A new study has been conducted to confirm the effects on the human body if the second dose of the Covid vaccine is not taken.
According to the research, two months after the second Pfizer/Moderna vaccination, the antibody response drops by 20 percent in adults with previous cases of COVID-19. The study also tested how well existing vaccines are resistant to emerging variants.
The results of the study were published in the journal Scientific Reports. A Northwestern University study emphasized the importance of receiving second dose from the vaccine, not only because it is generally known that immunity from vaccines diminishes over time, but also because of the risks posed by new and emerging variants, including the highly contagious delta variant.
The study also showed that prior exposure to SARS-CoV-2 does not guarantee a high level of antibodies, nor does it guarantee a strong antibody response to the first vaccine dose. This directly contradicts the assumption that having COVID will make a person naturally immune to re-infection.
The results also support vaccination (and two doses), even for people who have had the virus previously.
A team of scientists, including biological anthropologist Thomas McDaid and pharmacologist Alexis Demonbreun, tested blood samples from adults who tested positive for SARS-CoV-2 to measure how long the immune benefits of the Pfizer and Moderna vaccines last and how well they protect against the newer. variables.
Study participants were drawn from a racially and ethnically diverse community sample of Chicago-area adults who were recruited at the start of the epidemic. Using in-house lab-developed antibody test kits, participants provided blood samples two to three weeks after the first and second dose of vaccination and two months after the second dose. In the lab, the researchers tested neutralizing antibodies by measuring whether the blood sample could block the interaction between the virus’s spike protein and the angiotensin-converting enzyme 2 receptor — this interaction is how the virus causes infection once it enters the body.
“When we tested blood samples from participants about three weeks after the second vaccine dose, the average level of inhibition was 98 percent, indicating a very high level of neutralizing antibodies,” said McDaid, professor of anthropology at Weinberg College of Art. and Science and Faculty Fellow at the University’s Institute for Policy Research.
The scientists tested the emerging variants B.1.1351 (South Africa), B.1.1.7 (UK) and P.1 (Brazil) and found that the level of inhibition of the viral variants was much lower, ranging from 67 percent to 92 percent. In test samples collected two months after the second dose, they found that antibody responses decreased by about 20 percent. The researchers found that the antibody response to vaccination varies based on a history of previous infection. Individuals with clinically confirmed cases of COVID-19 and multiple symptoms had a higher response level than those who tested positive but had mild or no symptoms.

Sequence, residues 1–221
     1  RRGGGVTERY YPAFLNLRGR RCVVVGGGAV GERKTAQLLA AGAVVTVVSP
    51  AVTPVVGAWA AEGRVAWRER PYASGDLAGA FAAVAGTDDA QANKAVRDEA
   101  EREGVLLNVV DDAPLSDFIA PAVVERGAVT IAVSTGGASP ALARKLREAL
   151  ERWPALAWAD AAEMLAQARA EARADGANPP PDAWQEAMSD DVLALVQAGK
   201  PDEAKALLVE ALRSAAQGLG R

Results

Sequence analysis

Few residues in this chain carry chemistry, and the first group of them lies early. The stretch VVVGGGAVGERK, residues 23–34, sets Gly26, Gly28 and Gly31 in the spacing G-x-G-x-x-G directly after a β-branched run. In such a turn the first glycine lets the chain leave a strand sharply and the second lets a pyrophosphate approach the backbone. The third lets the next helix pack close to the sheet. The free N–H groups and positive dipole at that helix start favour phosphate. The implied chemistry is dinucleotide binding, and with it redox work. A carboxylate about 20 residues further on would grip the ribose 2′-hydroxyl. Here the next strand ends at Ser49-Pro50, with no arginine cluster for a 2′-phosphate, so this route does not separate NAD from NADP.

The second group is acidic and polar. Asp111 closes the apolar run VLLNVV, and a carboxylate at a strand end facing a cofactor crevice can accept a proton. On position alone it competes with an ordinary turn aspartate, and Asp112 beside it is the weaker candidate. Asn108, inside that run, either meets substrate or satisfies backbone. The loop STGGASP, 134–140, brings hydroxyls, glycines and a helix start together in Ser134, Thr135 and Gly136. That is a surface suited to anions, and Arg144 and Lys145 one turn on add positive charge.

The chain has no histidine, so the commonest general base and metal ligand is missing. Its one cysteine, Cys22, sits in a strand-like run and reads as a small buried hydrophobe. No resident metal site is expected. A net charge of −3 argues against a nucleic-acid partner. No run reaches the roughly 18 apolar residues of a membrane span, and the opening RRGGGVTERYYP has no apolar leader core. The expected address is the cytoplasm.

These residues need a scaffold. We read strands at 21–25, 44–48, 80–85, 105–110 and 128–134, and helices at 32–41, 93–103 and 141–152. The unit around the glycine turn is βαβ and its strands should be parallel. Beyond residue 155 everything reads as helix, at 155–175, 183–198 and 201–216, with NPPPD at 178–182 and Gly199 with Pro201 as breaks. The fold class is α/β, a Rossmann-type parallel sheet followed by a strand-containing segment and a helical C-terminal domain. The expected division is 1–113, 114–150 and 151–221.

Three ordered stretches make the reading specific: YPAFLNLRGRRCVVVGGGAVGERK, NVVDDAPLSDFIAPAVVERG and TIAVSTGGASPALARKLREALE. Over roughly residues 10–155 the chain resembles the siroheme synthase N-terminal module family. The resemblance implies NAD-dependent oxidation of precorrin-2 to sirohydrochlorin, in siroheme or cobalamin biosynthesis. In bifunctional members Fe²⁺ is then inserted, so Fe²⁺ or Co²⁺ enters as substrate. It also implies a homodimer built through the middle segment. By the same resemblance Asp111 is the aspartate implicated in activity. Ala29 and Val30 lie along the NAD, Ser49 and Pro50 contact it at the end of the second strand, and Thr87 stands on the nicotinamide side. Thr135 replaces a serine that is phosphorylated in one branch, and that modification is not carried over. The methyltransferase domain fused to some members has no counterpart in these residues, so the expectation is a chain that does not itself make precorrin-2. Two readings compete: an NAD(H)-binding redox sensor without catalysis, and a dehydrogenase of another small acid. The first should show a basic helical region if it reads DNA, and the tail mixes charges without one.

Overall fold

“Many people and many clinicians assume that any previous exposure to SARS-CoV-2 will confer immunity to re-infection. Based on this reasoning, some people with previous exposure do not think they need to be vaccinated,” she said.
“Or if they are vaccinated, they think they only need the first of two doses of the Pfizer/Moderna vaccine,” McDaid added.
“Our study shows that prior exposure to SARS-CoV-2 does not guarantee a high level of antibodies, nor does it guarantee a robust antibody response to the first vaccine dose,” McDaid continued.
“For people who have had a mild or asymptomatic infection, their antibody response to the vaccination is basically the same as that of people who have not been exposed before,” McDaid explained.
McDaid added that although the research was conducted before the emergence of the Delta virus, the conclusions are similar. “In terms of post-vaccination protection, the story is the same for all variants, including delta — the vaccine provides good protection, but not as good protection as the original version of the virus the vaccine was designed for,” she said.
McDaid concluded, “Combining that with the fact that immunity diminishes over time, susceptibility to superinfection increases. So, there are two hits at the moment – delta plus weakened immunity between the first wave of vaccinations.”